Ethics probe so big lawmakers have to take a number -- half the Pentagon spending committee caught in net
We already knew that Ways and Means Committee Chairman Charlie Rangel was under investigation for failing to report some of his real estate holdings and rental income, and a few other goodies, on his financial disclosure forms. And that the Ethics Committee was studying Pennsylvania Democrat John Murtha's ties to defense contractors.
Now it turns out that those two were just the tip of the iceberg.
Turns out that nearly half the members of the Defense Appropriations Subcommittee, which Murtha chairs, are under investigation for funneling millions in federal funds to clients of a lobbyist who used to work on the Hill. The charge: They put earmarks worth $300 million in the 2008 Defense appropriation bill to benefit clients of the PMA Group, a now-defunct....
And what did they get in return? According to CQ MoneyLine, which ran the numbers earlier this year, the same House members who took responsibility for PMA’s earmarks in that spending bill have, since 2001, accepted a cumulative $1,815,138 in campaign contributions from PMA’s political action committee and employees of the firm.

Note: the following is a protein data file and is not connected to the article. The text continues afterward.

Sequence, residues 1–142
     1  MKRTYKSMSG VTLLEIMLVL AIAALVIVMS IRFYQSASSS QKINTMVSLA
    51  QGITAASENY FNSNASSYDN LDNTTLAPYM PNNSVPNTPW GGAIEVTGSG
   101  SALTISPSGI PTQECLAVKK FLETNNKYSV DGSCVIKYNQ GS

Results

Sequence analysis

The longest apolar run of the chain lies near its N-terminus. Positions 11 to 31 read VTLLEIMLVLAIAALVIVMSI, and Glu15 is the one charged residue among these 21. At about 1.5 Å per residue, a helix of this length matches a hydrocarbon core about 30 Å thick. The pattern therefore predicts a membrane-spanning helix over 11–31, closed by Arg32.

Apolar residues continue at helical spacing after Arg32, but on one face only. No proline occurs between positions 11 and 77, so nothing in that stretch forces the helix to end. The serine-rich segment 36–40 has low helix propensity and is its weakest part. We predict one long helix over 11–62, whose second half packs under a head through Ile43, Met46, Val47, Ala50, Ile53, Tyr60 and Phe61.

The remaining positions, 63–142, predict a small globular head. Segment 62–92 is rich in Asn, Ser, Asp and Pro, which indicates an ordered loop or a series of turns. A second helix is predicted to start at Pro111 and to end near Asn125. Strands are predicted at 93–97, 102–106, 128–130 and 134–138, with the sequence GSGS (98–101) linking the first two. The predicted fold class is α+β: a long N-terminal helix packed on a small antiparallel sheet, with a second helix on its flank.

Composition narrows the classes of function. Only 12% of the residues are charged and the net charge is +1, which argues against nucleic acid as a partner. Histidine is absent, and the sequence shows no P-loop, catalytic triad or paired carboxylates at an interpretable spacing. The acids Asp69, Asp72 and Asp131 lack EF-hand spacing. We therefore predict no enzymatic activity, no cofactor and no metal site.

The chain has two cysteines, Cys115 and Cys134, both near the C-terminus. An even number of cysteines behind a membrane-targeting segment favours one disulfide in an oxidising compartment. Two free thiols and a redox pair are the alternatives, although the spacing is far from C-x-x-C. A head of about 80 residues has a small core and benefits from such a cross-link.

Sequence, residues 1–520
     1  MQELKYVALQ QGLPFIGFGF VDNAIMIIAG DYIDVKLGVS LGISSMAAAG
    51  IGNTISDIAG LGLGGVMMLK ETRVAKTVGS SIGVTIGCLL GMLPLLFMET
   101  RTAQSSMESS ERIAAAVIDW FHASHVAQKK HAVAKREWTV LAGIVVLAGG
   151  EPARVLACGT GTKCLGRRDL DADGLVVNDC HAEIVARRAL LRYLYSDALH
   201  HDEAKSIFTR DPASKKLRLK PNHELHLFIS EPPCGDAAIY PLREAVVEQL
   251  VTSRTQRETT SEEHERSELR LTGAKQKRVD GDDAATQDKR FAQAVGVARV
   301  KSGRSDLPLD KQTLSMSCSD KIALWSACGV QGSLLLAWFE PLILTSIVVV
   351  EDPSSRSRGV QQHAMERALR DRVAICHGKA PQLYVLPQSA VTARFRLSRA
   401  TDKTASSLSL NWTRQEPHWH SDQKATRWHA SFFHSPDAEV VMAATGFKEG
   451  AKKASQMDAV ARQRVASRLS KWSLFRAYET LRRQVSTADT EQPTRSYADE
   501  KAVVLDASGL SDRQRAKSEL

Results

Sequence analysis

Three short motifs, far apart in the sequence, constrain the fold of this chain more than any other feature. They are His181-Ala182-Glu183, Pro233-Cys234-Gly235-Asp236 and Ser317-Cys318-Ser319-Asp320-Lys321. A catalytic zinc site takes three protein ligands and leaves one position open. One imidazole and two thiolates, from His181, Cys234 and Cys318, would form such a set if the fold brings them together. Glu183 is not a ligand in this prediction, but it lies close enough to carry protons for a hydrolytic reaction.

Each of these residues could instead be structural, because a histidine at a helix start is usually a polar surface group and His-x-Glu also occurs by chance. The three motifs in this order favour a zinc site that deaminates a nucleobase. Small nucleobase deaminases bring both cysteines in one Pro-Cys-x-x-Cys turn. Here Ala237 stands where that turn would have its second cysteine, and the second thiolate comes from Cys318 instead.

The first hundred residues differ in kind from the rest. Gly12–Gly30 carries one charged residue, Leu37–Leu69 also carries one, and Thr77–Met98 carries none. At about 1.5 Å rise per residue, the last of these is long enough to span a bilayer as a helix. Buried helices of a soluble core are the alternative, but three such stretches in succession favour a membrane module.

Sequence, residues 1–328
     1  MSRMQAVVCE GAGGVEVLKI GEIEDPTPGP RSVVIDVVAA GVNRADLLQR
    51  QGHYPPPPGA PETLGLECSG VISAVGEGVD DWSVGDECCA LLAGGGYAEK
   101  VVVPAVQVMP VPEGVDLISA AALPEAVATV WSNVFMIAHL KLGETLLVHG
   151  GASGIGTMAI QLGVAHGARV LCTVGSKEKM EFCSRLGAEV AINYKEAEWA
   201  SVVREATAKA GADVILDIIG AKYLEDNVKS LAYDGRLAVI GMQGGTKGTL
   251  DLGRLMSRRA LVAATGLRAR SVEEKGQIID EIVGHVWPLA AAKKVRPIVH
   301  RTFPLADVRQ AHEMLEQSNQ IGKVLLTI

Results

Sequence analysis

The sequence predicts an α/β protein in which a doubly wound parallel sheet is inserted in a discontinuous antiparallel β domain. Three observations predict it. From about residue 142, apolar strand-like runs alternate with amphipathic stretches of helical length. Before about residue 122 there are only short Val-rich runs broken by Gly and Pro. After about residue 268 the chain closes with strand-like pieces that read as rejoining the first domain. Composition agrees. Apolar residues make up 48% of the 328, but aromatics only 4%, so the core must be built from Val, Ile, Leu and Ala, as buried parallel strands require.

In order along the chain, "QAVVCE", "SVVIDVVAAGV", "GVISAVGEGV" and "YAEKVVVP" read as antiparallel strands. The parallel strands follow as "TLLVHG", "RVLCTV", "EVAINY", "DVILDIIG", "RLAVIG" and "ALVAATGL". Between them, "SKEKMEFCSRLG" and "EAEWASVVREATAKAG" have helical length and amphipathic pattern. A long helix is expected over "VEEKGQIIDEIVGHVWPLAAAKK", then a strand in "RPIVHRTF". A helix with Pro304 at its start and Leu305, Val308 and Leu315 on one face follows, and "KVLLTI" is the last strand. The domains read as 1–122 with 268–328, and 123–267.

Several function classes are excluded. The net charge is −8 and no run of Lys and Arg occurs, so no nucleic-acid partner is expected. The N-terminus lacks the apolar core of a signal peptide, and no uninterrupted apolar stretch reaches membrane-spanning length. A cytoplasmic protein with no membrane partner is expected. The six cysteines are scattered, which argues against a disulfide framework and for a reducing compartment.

Usually, the Ethics Committee keeps its proceedings secret. Something about the presumption of innocence.
But this time, a low-level staffer made a mistake and put some documents in a place where they could be accessed and someone noticed and leaked them to the Washington Post. Or that's what the Post says. The New York Daily News put it a little more succinctly, saying the docs were "cyber-hacked."
A couple of Californians were involved in the leak -- Democrat Maxine Waters, she of the House Financial Services Committee, under scrutiny because of her involvement with OneUnited Bank of Massachusetts; Democrat Laura Richardson, who lost one house in Sacramento to foreclosure and has been in default on several others.
The committee chairwoman, California Democrat Zoe Lofgren, alerted her colleagues last night about the breach of protocol and warned the public that "no inference should be made" as to guilt or innocence.
Still, Republicans couldn't wait to pounce on news that the ethic probes into members of Congress -- mostly Democrats -- may be much wider than previously reported. Reminding the public that House Speaker Nancy Pelosi promised in 2006 to "drain the swamp," they took the news as the first volley in the 2010 elections.
"Clearly the Democrats were not serious when they said they would clean up the House of Representatives,” said New Jersey Republican Scott Garrett. “They promised the American people honesty, transparency and accountability, and yet they have failed to deliver.”
-- Johanna Neuman
Photo: File photo of Congress preparing for a presidential state of the union message. Credit: Getty Images
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